Land Transport (Road Safety and Other Matters) Amendment Bill 2011» 06/05/2011, Posted by Site Admin
Parliament has passed the Land Transport (Road Safety and other Matters) Amendment Bill 2011. The new Bill includes actions from Safer Journeys: New Zealand's Road Safety Strategy 2010-2020 to improve the safety of young drivers and reduce the impact of alcohol in road crashes. The Bill also provides for the repeal of the Transport Act 1962, includes provisions for streamlining the land transport Rule-making process, improving accountability for towage and storage costs of unclaimed impounded vehicles, and a number of technical amendments to enhance the effectiveness of current Land Transport Act provisions. Provisions in the Bill will come into force through a series of staged implementation times following Royal Assent.
Next steps are for the Bill to receive Royal Assent, at which point it will become the Land Transport (Road Safety and other Matters) Amendment Act 2011.
Main changes in the Bill are:
Safer Journeys younger driver package:
* Raise the minimum licensing age from 15 to 16.
* Provide for the NZ Transport Agency to strengthen the restricted licence test
Licensed drivers aged under 16 at the time the age increases will be entitled to retain the licence that they hold. Other transitional arrangements have also been made. Information on the change to the licensing age and the strengthening of the restricted licence test as well as transitional arrangements for those aged 15 at the time of the change is available on the NZ Transport Agency website.
Safer Journeys alcohol actions and review of penalties causing death:
* Allow police to take alcohol readings for research purposes from all drivers involved in fatal or serious injury crashes who have a Blood Alcohol Concentration (BAC) between .05 and .08 (50 milligrams and 80 milligrams of alcohol per 100 millilitres of blood or 250 and 400 micrograms of alcohol per litre of breath).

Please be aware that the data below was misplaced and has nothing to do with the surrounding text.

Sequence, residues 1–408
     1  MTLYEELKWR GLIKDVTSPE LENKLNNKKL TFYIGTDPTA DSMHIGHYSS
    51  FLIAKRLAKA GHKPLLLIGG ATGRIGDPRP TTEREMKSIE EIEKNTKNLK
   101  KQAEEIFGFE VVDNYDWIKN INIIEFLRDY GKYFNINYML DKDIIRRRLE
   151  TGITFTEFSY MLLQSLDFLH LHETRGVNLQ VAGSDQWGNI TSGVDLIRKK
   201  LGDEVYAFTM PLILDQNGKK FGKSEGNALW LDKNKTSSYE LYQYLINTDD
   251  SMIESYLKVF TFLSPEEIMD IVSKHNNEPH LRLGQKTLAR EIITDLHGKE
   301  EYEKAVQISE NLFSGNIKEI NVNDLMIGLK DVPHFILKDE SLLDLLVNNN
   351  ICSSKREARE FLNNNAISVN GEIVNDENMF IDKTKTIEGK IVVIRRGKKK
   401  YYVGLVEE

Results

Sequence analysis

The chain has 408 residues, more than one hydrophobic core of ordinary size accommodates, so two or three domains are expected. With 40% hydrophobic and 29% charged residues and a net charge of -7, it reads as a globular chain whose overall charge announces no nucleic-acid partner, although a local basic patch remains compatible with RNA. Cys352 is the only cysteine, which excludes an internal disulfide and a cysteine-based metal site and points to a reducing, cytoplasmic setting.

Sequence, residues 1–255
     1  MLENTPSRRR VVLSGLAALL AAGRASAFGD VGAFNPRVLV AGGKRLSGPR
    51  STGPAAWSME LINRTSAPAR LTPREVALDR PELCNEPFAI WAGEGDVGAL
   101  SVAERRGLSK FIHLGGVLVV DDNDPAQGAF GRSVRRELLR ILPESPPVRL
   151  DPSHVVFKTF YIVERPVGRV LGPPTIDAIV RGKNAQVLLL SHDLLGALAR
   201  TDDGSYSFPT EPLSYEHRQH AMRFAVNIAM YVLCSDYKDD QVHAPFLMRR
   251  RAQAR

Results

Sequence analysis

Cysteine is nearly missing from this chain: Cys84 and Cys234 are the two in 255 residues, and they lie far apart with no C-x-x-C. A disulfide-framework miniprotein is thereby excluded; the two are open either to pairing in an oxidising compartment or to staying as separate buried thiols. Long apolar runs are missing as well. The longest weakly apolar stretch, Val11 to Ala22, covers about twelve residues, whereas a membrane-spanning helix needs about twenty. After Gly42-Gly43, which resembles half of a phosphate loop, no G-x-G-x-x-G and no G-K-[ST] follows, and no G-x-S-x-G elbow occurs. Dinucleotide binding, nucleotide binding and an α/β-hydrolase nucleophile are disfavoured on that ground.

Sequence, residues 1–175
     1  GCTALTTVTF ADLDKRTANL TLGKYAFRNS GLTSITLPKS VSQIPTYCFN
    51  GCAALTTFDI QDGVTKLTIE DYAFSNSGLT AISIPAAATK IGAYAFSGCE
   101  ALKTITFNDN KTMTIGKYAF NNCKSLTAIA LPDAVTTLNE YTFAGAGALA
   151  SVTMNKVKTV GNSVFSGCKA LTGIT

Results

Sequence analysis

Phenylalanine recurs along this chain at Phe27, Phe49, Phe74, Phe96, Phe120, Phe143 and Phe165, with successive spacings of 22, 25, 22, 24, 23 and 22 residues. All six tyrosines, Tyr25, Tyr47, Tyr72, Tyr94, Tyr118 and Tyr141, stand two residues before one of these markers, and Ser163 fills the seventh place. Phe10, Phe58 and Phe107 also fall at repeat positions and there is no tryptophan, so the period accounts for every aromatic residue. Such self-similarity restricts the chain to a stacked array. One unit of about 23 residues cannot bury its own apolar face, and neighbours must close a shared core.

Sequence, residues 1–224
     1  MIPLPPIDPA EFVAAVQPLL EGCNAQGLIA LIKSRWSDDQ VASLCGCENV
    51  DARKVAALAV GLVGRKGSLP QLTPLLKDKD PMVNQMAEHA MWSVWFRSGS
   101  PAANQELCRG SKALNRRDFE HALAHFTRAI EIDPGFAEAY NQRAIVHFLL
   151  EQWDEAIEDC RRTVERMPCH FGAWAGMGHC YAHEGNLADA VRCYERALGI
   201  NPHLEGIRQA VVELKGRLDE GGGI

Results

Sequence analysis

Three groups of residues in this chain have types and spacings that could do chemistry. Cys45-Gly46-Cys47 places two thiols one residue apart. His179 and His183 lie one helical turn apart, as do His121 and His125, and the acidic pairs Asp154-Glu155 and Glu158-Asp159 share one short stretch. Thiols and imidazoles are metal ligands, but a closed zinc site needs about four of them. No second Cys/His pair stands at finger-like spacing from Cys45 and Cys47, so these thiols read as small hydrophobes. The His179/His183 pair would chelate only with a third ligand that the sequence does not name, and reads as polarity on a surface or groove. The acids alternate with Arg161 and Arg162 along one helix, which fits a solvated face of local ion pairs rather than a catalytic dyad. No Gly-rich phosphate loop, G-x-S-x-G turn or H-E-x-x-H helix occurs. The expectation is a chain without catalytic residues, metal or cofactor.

* Allow Courts the option to require repeat or serious drink drive offenders to use alcohol interlocks, after a mandated 90-day disqualification. Interlocks must be used for at least 12 months, and can only be removed where the offender shows a violation-free period of 6 months (reducing to 3 months if an approved alcohol assessment is also completed). Offenders who complete an alcohol interlock programme will be subject to a zero BAC limit licence for the 3 years after the removal of their interlock.
* Lower the youth drink drive limit (applies to drivers under 20 years of age from BAC 0.03 (30 milligrams of alcohol per 100 millilitres of blood or 150 micrograms of alcohol per litre of breath) to BAC zero.
* Repeat drink drive offenders will be subject to a BAC zero limit licence for 3 years following a period of disqualification.
* Provide for infringement penalties (fines and demerit points) for the breach of the youth zero drink drive limits (between zero and the current level).
* Increase penalties for dangerous driving-type offences causing death by doubling the maximum period of imprisonment from 5 to 10 years.
* Allow the NZ Police to apply to a court to have a 28-day roadside licence suspension extended for a further 28 days. This can only be used up to three times in respect to any single suspension.
The Bill also contains miscellaneous provisions.
For further information see: